A few weeks ago, I found myself downtown in the early evening. Wanting to get home, I suggested to the people I was with that we take the Red Line back to Hyde Park since we were decently far from a #6 stop.
One of them looked at me and in all seriousness said, “And then what? Wait for the #55 bus and get killed?”
We took the #6.
This reaction to the prospect of standing on a public street anytime near sundown on the South Side is indicative of a pervasive perception, bordering on hysteria, amongst the student body here: that Hyde Park is not safe; that it’s a crime-infested slum where being distracted for just one second is to invite mugging, rape, and murder.
Here’s the truth: It’s not. Hyde Park is a relatively safe neighborhood, and the “criminals” that students see lurking in the shadows, waiting to attack them should they dare walk a few blocks after dark, are no more real than the monsters under their beds.
That is not to say, of course, that Hyde Park is crime-free. While it was historically much worse (think 40 years ago), in 2007 there were around 100 serious crimes committed in the Hyde Park area involving the University or University-affiliated residents according to the “Common Sense” pages the University provides to report crime statistics. Of these 100 crimes, almost all (around 90) were burglaries or robberies. Only 10 were violent in any way. And the robbery rate has been decreasing over the past several years.
Still, this may sound pretty bad. One hundred crimes, and all in the tiny Hyde Park/Kenwood area! Some context may help.
In 2000, Hyde Park’s population was around 30,000. In the intervening nine years (as next year’s census will confirm), the population has since grown. This does not include non-residents who are affiliated with the University, which, according to the Hyde Park/Kenwood Community Conference, brings the number above 40,000. That means that there is slightly less than one serious crime victim per every 400 people. That isn’t so bad compared to, say, Detroit, where the rate is about 36 victims per 400 people for the same crimes, or even somewhere as seemingly innocuous as Myrtle Beach, SC, where burglary alone affects 20 out of every 400 citizens.
It is also important to remember that almost none of the crimes that do occur in Hyde Park are committed against students. Of the eight security alerts received this year—including the terror-inspiring drive-by shootings of the last several weeks—almost none have involved students, who go more or less unharassed by criminals, except for the occasional mugging, which, while serious, is the case in any urban area—not just Hyde Park.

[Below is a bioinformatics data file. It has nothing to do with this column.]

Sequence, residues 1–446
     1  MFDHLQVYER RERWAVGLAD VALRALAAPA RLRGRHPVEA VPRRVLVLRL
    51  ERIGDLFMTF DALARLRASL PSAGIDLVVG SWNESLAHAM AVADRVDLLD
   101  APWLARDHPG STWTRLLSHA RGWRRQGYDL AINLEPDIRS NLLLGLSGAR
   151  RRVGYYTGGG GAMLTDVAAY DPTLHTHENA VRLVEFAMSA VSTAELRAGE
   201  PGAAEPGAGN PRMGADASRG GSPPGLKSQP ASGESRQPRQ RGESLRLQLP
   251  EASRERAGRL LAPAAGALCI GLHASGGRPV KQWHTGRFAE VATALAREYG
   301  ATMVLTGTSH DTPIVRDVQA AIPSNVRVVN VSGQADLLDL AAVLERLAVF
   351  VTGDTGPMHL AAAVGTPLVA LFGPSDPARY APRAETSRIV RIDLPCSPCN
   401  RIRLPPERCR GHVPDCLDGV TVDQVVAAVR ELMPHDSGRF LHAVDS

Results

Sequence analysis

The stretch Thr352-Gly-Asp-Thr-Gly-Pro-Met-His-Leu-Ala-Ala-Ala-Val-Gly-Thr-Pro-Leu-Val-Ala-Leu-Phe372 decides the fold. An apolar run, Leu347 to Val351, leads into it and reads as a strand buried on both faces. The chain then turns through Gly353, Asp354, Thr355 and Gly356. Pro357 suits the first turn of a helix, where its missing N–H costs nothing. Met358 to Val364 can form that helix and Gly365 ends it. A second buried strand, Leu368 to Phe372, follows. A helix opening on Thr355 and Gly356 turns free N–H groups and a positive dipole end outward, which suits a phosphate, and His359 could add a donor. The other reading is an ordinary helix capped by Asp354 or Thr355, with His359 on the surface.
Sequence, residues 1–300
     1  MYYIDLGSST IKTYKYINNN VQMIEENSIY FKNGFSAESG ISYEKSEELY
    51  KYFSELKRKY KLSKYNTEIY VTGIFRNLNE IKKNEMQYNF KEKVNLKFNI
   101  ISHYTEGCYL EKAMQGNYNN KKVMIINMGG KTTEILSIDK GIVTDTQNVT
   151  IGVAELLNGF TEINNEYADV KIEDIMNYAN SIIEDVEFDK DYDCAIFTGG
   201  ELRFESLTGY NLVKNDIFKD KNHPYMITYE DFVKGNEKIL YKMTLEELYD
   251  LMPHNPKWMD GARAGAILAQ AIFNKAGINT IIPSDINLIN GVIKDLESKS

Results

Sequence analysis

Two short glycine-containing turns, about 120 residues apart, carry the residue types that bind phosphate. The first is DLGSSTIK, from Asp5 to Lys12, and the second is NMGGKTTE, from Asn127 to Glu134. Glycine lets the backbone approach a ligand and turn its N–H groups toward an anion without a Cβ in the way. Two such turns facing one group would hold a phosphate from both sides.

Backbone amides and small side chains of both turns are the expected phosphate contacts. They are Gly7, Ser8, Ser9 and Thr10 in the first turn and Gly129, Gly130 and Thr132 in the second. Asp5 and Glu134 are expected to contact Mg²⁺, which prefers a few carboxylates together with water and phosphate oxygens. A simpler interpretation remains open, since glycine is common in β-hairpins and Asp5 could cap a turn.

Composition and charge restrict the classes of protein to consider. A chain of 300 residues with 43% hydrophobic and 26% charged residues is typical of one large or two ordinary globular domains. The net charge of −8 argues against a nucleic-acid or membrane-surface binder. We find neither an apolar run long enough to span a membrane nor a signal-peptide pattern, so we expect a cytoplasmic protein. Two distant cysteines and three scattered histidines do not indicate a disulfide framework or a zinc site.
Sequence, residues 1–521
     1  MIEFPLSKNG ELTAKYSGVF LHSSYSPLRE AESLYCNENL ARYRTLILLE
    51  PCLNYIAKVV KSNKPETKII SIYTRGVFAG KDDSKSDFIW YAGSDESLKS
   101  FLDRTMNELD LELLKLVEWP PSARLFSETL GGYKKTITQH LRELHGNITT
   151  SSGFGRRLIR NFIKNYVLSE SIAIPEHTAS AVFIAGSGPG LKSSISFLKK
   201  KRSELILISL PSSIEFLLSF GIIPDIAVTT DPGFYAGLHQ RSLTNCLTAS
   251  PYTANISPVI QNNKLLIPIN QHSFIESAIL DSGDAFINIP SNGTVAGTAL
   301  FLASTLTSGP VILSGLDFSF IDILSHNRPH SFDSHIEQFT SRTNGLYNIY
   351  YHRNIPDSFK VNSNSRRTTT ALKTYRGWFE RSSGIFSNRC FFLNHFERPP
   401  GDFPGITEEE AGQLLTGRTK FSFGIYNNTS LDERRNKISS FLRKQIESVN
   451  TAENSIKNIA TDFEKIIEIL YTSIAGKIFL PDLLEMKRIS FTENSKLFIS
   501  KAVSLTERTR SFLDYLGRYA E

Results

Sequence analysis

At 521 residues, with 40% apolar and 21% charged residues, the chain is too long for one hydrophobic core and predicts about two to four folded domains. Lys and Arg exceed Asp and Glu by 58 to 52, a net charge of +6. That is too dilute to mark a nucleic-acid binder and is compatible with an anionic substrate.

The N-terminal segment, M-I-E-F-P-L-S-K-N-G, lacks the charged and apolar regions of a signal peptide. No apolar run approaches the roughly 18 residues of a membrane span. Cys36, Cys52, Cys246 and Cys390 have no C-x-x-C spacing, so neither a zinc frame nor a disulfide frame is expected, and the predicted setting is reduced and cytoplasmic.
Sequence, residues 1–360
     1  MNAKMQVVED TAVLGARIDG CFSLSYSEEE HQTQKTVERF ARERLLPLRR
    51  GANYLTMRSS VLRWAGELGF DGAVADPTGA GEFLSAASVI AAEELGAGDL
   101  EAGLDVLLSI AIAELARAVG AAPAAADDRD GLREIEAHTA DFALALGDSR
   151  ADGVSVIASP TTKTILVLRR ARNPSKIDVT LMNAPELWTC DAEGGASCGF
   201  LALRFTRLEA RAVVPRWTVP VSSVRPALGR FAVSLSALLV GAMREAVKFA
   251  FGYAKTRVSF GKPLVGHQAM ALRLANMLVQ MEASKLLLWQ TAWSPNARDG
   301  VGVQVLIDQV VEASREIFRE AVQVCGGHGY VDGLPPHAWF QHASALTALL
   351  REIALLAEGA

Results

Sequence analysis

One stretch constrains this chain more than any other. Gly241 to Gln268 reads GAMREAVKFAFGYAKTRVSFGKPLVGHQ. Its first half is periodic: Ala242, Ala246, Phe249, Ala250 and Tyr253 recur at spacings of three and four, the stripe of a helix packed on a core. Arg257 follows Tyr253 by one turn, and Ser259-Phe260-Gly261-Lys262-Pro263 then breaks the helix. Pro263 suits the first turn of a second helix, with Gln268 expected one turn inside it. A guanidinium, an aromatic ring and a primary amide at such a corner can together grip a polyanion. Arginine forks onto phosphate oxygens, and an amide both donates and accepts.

So despite the fact that not much actually happens in the way of a massive criminal war against the student body, University students—especially those in the College—remain convinced that they’re going to school in one of the scariest places in America. They take SafeRide for five-block walks, and refuse to go outside after dark without a large group. Certainly some of this is prudent caution, but the attitude surrounding it—believing those who would do otherwise are crazy, exhorting to friends at other schools how we live in a “ghetto”—borders on insanity. Since it is an attitude unjustified by the facts, where did it come from?
It would be easy to make an argument for race or class bias: After all, many of Hyde Park’s residents are poor and black, while most University students are white and (by most standards) pretty well off. However, many people would react poorly to such a point, valid though it may be. They would think that it is unfair to blame their seemingly rational concern on unrealized bias, and maintain that they are themselves neither racists nor classists and that fear of big, poor black men is not the same as fear of Hyde Park. For that reason, I think a more tangible reason might be explored.
When it comes down to it, the culture of hysteria around Hyde Park is one driven largely by the school. It comes in small things—the Security Alerts that, though a reasonable measure, jump all-caps into students’ inboxes every few weeks as if to remind them that their safety is merely temporary. Fear comes in the form of signs strongly encouraging students to take SafeRide two blocks across the Midway after dark, and in the form of school-insignia-bearing “rape whistles” handed out during O-Week with the implicit suggestion “you are going to need these.”
Fear comes as well from students who, it seems, want on some level to believe that this is a dangerous place. When told by the school that the University of Chicago Police Department is one of the largest private security forces on Earth, they hear “it must be a dangerous place,” not “you are well protected.”
It’s doubtful that anything can be done about this. It would be unreasonable to ask the school to stop providing resources or information about the dangers that do exist, though perhaps it would be beneficial to do it hand-in-hand with explanations that, in fact, you probably won’t need your rape whistle. It would be unfair to ask students to wander carefree around the Midway at two in the morning or to give up SafeRide, but it would help for them to know what is actually unsafe and what is just the shadows talking. It might even reduce the Friday night wait for the van.
A single specific behavior cannot on its own end the culture of hysteria. But it is worth exploring where that hysteria comes from and wondering if we can’t, perhaps, consider that it might be time to understand that death is not around every corner, and that—believe it or not—the big, scary Hyde Park community is not out to get us.
Emmett Rensin is a first-year in the College.
In the original version of this column, Myrtle Beach was incorrectly described as being located in North Carolina. It is in South Carolina.